Film spectatorship operates in three modes: story-awareness, medium-awareness, and world-awareness
When the audience experiences a film as a fully realized world
P = presentation space; R = Referent space; S = Spectator; OS = Objective Scene; PF = Perceptual field
- Story-awareness mode constitutes the optimal viewing arrangement, at least from the perspective of the filmmakers trying to align the spectators’ experiences with those of the story’s protagonists
- Story-awareness is a common occurrence and relatively easy to achieve, it is difficult to sustain for long periods of time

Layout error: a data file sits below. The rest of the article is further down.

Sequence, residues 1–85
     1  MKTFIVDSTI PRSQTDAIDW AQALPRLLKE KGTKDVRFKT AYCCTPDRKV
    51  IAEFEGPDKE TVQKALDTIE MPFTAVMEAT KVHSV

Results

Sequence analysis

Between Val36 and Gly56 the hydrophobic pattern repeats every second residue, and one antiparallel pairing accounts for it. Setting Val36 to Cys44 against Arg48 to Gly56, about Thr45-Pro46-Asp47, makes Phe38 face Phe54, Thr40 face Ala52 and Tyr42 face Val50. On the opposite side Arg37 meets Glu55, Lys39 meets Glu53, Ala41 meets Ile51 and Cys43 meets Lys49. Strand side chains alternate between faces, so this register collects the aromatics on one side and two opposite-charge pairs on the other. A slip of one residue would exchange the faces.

When the audience allocates attention to the means of production
- Sophisticated development of medium-awareness mode entails the achievement of analogical coherence through intertextual comparisons (e.g., comparing camera work in Hitchcock’s “Notorious” to camera work in “Psycho”).
- In this mode, the spectators reflect on the affective style of the film, as, for example, noting a causal connection (i.e., explanatory coherence) between the slow panning shots of the opening sequence and their own feelings of anxious anticipation
A world-aware spectator use the diegetic world of the film (or some relevant portion of it) as a reference point for reasoning about the non-diegetic world, either past, present, future, real or imagined.
- World-awareness mode covers a range of phenomena from total momentary distractions common to filmgoing experiences to full reference point simulations
- focus consciousness on the viewing conditions themselves
Related induced effect: Seven cognitive dimensions
(Oakley, [No date])